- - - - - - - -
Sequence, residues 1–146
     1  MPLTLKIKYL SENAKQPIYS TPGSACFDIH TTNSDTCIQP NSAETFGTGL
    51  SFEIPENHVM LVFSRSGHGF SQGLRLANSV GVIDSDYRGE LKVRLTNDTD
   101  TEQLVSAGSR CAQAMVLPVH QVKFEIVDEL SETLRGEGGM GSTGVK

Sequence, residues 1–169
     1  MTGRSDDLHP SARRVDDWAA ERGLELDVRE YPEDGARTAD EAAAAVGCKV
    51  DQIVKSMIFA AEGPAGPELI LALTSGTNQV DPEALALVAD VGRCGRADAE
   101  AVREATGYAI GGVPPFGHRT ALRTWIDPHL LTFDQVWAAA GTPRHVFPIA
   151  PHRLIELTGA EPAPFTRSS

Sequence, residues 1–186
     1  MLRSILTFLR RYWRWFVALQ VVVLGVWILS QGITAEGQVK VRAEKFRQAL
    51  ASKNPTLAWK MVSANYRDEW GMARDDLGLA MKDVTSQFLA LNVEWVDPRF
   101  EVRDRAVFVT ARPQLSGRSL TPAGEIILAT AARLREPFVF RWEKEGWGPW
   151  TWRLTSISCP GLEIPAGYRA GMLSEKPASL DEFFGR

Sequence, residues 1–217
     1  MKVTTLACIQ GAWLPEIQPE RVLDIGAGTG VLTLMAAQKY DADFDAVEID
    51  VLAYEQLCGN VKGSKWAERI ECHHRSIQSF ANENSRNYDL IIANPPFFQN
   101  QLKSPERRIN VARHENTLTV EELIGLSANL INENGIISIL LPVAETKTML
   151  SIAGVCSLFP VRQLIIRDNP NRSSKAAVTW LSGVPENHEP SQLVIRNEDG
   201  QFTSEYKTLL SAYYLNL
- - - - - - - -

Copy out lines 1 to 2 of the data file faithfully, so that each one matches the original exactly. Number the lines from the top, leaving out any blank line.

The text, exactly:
Sequence, residues 1–146
     1  MPLTLKIKYL SENAKQPIYS TPGSACFDIH TTNSDTCIQP NSAETFGTGL